Communication and curiosity go hand in
Have you ever been in an argument with your partner or 'special friend'? Me too…
There can be so much love and frustration in one conversation. Where does the frustration come from?
What I'm trying to say is…
I believe that we get frustrated most in a conversation when we're trying to convey a point and is just not landing with the other person. In this sense, communication and curiosity can compliment each other in a conversation.
Frustratingly, we often don't get accurate feedback on our communication. I've decided that this is mostly our own fault. I can remember times when listening to another person, they were so set on their point there wasn't much room to offer another perspective. I know I've been that knowledgeable, passionate speaker before as well, but truth be told a passionate speaker doesn't make a logical one, or even a common sense one.
Curiosity did NOT kill the cat
In communication, curiosity never killed that cat. In fact, asking questions to check for understanding is one of the best things you can do to avoid miscommunication. Why don't more of us do it? Is it that we afraid our message didn't land perfectly? Does it ever?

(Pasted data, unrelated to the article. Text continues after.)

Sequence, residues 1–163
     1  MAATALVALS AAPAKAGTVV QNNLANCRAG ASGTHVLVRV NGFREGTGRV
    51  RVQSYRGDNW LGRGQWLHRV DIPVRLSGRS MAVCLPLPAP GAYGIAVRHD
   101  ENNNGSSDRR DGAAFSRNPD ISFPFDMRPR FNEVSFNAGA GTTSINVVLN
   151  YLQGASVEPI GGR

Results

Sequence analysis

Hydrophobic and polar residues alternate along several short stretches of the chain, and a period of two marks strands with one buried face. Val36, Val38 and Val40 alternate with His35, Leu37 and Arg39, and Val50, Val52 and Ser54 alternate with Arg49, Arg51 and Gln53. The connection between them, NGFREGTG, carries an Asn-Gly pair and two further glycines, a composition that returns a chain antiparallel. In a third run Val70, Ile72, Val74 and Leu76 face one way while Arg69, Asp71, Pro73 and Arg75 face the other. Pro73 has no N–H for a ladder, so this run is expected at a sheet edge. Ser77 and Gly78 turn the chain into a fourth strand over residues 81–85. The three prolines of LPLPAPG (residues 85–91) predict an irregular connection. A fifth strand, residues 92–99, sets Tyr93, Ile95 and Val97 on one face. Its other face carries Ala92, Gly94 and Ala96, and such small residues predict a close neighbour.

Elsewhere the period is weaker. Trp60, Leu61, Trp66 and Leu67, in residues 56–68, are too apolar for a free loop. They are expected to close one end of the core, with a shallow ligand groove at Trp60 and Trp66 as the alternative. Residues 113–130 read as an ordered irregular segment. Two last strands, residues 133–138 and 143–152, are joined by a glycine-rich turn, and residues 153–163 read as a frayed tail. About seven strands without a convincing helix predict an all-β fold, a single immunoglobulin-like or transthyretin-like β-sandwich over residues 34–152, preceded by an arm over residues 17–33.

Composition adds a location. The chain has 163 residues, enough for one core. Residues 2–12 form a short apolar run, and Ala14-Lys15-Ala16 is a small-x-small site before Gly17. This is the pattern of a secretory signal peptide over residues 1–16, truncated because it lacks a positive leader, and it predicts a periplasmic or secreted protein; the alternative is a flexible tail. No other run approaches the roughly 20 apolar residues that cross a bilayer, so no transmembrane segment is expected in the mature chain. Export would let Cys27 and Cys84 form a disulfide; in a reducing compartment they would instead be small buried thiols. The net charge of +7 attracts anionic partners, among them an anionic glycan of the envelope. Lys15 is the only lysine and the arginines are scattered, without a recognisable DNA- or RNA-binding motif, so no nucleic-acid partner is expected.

Where have you let your passion get in the way of a good source of feedback?
Now, add a computer
And if communication in real-time, synchronous communication is so complicated, imagine the conundrum when we throw a device in the middle and introduce an unknown time between when the message is sent and received (asynchronous) This is called Computer-Mediated Communication (CMC).
CMC is still largely misunderstood, not only due to the lack of research around the topic, but because it's hard to identify and isolate the factors that make or break an asynchronous communication.
As a great friend often says, there is more to be revealed.
Matthew Koren unleashes the leadership potential in your people so teams can thrive. He is based out of Portland, OR. To learn more about his programs, click here. To receive great, useful content each month, sign up for his email list here. To discuss how Matt can support you, your organization, and teams, contact him today!